By Tom Tillison
Florida Political Press
More proof that if you hang around long enough, you'll see just about everything! Anyone who knows me knows that I am far from being an apologist for the Republican Party, but what a pickle they find themselves in. And, as is usually the case, they can look amongst themselves for much of the blame.
There's much ado being made about the announced budget cuts that House Republicans are proposing. Is it $50 Billion, or $74 Billion or is it $32 Billion? As is typical with D.C., math is far from an exact science, with it all dependent upon who's holding the calculator. But, even before you can start analyzing the figures, there must be a debate over - not making this up - exactly what a 'year' means.
It's not quite as simple as we want it to be. First of all, just to refresh your memory, there is no budget for FY 2011 - Nancy Pelosi and the Progressive Left never got around to passing Obama's budget. The government is now operating under a 'continual resolution' set to expire next month. And, we are now more than four months into FY 2011.
The $74 Billion figure is based on cuts to a budget that technically doesn't exist. The $32 Billion figure comes from proposed cuts to the continuing resolution. Overall, the GOP plan calls for a 9% reduction in nondefense, discretionary spending.
Regardless of which number you buy into, though, it seems the Republicans are damned if they do and damned if they don't.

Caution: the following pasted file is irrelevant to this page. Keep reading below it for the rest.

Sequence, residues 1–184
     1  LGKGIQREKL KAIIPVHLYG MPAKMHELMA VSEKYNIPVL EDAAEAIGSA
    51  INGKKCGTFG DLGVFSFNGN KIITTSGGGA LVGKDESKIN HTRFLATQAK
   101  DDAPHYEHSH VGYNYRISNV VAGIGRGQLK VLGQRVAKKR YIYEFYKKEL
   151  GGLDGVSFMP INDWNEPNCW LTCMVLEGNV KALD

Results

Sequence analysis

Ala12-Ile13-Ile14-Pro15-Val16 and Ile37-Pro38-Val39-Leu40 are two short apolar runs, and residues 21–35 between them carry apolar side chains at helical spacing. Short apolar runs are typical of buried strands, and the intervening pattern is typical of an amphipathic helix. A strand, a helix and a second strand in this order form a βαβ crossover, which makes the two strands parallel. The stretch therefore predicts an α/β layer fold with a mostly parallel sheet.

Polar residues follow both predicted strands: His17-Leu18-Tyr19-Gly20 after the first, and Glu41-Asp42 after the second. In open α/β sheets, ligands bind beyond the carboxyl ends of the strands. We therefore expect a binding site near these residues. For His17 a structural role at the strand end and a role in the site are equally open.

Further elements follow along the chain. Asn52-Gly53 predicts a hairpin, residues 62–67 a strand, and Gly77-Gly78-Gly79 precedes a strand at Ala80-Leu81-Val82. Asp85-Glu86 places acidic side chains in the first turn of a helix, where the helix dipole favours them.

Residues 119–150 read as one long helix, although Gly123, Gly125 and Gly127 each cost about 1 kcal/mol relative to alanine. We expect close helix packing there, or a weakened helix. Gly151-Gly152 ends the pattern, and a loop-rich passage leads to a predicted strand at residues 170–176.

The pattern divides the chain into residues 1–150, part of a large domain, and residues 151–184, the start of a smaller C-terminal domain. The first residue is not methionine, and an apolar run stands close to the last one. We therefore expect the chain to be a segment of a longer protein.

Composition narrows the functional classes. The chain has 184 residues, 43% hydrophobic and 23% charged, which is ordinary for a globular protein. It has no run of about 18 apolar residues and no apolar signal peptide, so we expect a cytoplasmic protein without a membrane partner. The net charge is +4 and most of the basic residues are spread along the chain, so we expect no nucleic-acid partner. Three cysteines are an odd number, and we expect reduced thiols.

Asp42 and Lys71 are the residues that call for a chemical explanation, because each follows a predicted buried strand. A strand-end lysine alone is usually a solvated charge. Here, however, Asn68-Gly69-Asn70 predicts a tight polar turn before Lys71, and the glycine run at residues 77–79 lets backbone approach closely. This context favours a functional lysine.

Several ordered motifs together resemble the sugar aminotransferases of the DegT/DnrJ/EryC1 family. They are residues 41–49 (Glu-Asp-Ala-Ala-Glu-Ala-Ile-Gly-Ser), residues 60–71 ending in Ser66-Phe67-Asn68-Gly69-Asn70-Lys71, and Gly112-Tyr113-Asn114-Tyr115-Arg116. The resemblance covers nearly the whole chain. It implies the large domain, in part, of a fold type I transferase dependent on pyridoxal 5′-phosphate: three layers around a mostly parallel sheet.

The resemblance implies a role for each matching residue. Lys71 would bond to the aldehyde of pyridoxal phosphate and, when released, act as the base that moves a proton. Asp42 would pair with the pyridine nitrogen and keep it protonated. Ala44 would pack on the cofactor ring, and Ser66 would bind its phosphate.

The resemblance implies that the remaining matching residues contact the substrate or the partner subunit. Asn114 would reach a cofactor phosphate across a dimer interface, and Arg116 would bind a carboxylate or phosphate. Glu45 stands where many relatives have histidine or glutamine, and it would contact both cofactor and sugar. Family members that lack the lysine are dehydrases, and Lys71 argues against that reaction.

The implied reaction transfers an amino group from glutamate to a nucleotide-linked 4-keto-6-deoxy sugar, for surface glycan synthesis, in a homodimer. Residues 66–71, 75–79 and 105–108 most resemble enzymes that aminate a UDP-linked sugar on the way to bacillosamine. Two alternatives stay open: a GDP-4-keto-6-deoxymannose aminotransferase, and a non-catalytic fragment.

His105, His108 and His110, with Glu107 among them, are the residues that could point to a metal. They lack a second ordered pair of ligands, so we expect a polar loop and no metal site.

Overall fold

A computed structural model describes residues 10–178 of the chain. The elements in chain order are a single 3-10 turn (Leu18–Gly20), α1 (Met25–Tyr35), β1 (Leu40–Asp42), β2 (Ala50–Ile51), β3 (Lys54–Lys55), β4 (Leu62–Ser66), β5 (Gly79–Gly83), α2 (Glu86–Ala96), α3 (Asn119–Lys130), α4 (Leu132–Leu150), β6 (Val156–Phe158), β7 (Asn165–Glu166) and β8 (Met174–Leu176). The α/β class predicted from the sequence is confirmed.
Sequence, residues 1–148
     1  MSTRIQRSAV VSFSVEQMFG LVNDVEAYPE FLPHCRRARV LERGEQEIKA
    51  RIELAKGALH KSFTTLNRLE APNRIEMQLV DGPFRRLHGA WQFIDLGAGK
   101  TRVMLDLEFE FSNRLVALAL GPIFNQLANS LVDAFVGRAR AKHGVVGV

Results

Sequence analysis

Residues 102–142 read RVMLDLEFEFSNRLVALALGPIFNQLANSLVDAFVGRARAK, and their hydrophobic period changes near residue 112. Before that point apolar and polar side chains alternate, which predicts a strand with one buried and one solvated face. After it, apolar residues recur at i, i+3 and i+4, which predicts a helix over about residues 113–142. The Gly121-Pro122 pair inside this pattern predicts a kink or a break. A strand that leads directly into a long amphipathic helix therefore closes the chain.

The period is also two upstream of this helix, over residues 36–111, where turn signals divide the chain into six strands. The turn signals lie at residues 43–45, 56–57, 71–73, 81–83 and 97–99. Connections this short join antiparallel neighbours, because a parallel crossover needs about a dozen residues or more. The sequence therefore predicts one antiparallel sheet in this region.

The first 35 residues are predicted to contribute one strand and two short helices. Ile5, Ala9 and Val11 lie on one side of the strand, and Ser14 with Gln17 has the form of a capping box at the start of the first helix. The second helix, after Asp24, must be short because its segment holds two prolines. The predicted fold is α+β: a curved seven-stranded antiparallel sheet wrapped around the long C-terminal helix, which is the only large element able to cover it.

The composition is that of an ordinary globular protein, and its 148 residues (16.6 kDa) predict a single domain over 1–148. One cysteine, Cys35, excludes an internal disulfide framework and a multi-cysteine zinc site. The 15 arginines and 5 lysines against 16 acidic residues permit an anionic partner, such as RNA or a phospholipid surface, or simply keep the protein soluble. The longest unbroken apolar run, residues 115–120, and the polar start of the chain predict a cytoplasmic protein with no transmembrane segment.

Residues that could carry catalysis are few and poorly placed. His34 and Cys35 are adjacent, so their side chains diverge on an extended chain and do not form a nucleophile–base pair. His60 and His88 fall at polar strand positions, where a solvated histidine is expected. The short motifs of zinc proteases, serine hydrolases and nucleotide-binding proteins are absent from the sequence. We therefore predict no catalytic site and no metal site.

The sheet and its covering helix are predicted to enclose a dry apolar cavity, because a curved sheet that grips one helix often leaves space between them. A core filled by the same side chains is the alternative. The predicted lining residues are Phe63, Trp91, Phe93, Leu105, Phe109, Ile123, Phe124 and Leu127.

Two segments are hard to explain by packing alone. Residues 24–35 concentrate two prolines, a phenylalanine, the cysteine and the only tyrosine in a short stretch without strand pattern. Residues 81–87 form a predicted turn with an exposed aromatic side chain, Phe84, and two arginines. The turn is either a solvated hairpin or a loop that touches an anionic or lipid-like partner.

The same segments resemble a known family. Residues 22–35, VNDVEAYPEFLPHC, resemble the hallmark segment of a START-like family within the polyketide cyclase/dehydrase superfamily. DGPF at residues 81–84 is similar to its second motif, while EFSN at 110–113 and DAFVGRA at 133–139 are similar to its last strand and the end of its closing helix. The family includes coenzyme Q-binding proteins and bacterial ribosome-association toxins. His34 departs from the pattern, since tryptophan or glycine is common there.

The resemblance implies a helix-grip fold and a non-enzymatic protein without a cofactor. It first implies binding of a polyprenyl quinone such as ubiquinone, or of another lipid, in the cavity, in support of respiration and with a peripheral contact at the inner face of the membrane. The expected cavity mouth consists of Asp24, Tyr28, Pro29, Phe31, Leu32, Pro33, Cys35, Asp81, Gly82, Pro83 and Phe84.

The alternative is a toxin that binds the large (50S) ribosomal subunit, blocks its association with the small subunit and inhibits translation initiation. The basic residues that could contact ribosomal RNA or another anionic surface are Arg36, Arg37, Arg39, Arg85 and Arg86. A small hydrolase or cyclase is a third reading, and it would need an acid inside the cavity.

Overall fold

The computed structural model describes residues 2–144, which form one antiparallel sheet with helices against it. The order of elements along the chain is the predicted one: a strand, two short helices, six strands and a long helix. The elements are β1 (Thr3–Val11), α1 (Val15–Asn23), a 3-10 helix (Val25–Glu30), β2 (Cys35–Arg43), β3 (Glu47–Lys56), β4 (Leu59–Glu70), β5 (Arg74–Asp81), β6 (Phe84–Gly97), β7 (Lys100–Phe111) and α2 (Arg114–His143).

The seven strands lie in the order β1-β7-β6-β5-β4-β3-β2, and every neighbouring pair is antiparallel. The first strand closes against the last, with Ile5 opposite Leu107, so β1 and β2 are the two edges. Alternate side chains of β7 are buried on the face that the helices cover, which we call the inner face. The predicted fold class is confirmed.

Pundits and grassroots activists on the right are condemning the GOP for not making deeper cuts and for going back on their word to cut $100 Billion, which is what was promised in their 'Pledge to America'. On the other side, we have Senate Majority Leader Harry Reid blasting the proposed cuts at $32 billion from 2011 spending levels as “draconian” and “unworkable.”
And the poor Republicans keep mumbling something about 'pro-rating'...
We all seem to forget that just a few short months ago, there were NO spending cuts at all being proposed. Since the November election, the incoming freshman class in Congress has made it clear to the Republican leadership that they came to Washington to reverse course, and that process has begun.
The expectations placed by many on the right upon the Republican House majority are going to be difficult, if not impossible to live up to. Without the Senate and White House, any progress, so long as it's continual and building progress is a step in the right direction, is it not? We didn't get here overnight and we certainly won't get out of this mess overnight.
I recall back in the early days of the battle for healthcare reform, once Republican lawmakers took a good look around and saw that not only where conservative American's supporting their efforts to fight this legislation, but were right there with them on the front lines encouraging their every action, how they became incredibly energized and even more determined in their resolve to fight that legislation.
I will also never be mistaken for a cheerleader, or John Mica, but this is food for thought for folks who are expecting the impossible.